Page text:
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Open Access Metastatic Hepatocellular Carcinoma in a Juvenile Rhesus Macaque (Macaca mulatta)

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Neoplasia in juvenile (younger than 5 y) rhesus macaques has been estimated to represent only approximately 1.4% of all occurrences of spontaneous neoplasia. Here we report an unusual case of a 3.75-y-old primiparous female rhesus macaque that was euthanized due to poor prognosis associated with progressive anemia, marked hepatomegaly, and radiographic evidence of meta- static neoplasia. Postmortem examination revealed an invasive, hemorrhagic hepatic mass that effaced approximately 70% of the liver parenchyma and had evidence of metastatic spread to multiple abdominal organs, the lungs, and the pituitary gland. Neoplastic polygonal cells lined large necrohemorrhagic cavities and exhibited marked anisocytosis and anisokaryosis, with frequent multinucleate cells. There was no desmoplasia associated with the primary neoplasm or metastases. Immunohistochemical studies revealed the neoplastic cells to be diffusely reactive with pancytokeratin, cytokeratin 7, and cytokeratin 8/18 antibodies and rarely reactive with carcinoembryonic antigen antibodies. The cells did not react with vimentin, S100, CD31, or factor VIII antibodies. Tumor morphology and immunophenotype led to the diagnosis of anaplastic hepatocellular carcinoma. This report represents the first known case of metastatic liver neoplasia in a rhesus macaque. The young age of this animal and the aggressive nature of the neoplasm are highly unusual and reminiscent of adolescent onset hepatocellular carcinoma in humans.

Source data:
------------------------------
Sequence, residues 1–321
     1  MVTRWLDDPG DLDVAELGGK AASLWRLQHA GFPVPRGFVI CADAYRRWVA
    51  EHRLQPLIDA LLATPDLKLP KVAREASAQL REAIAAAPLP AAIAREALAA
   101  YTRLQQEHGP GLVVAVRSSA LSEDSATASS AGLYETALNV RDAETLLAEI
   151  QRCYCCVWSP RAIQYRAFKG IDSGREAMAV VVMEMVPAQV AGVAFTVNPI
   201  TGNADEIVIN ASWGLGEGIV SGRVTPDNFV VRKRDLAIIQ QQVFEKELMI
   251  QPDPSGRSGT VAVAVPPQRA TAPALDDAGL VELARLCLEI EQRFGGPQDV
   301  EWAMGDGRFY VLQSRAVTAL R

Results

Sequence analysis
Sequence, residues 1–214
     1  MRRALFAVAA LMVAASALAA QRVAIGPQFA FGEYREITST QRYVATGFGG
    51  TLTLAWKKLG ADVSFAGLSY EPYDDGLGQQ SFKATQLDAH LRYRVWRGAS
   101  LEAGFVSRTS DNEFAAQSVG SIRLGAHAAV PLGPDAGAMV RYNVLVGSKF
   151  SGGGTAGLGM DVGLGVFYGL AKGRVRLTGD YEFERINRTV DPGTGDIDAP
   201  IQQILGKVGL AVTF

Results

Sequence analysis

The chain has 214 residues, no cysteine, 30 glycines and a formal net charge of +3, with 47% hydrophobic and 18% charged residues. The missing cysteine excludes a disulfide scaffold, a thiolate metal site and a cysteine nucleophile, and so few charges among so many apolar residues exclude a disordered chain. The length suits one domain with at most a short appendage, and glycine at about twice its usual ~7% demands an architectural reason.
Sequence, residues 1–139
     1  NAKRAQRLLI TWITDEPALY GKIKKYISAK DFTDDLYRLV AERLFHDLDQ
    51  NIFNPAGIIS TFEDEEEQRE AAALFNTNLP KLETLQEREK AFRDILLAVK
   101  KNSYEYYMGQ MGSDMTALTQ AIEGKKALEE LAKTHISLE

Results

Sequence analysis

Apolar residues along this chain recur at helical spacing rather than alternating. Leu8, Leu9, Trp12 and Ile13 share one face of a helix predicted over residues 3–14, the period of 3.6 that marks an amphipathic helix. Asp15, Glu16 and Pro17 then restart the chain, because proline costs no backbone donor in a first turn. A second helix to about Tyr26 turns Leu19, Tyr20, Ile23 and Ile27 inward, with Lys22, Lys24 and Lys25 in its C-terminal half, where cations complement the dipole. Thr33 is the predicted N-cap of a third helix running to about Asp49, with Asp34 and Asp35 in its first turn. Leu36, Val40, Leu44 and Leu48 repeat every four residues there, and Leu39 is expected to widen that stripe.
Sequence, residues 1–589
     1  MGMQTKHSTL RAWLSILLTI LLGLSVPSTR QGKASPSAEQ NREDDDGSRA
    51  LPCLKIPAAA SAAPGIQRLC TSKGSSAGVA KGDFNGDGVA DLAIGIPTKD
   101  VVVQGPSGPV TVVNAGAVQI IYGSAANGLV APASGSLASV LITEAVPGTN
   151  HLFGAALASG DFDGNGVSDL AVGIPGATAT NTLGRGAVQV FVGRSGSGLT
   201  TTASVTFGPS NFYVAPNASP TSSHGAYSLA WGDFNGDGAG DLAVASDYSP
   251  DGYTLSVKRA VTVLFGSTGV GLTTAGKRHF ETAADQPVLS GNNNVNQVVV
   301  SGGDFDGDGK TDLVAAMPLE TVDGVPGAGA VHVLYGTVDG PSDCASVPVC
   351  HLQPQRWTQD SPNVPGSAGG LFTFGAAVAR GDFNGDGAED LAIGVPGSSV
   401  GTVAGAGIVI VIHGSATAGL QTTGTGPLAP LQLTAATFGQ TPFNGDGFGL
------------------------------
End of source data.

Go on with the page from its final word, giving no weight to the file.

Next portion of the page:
Document Type: Case Report

Affiliations: 1: California National Primate Research Center, University of California at Davis, Davis, California, USA 2: California National Primate Research Center, University of California at Davis, Davis, California, USA. mjlemoy@primate.ucdavis

Publication date: 2013-10-01

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  • Comparative Medicine (CM), an international journal of comparative and experimental medicine, is the leading English-language publication in the field and is ranked by the Science Citation Index in the upper third of all scientific journals. The mission of CM is to disseminate high-quality, peer-reviewed information that expands biomedical knowledge and promotes human and animal health through the study of laboratory animal disease, animal models of disease, and basic biologic mechanisms related to disease in people and animals.

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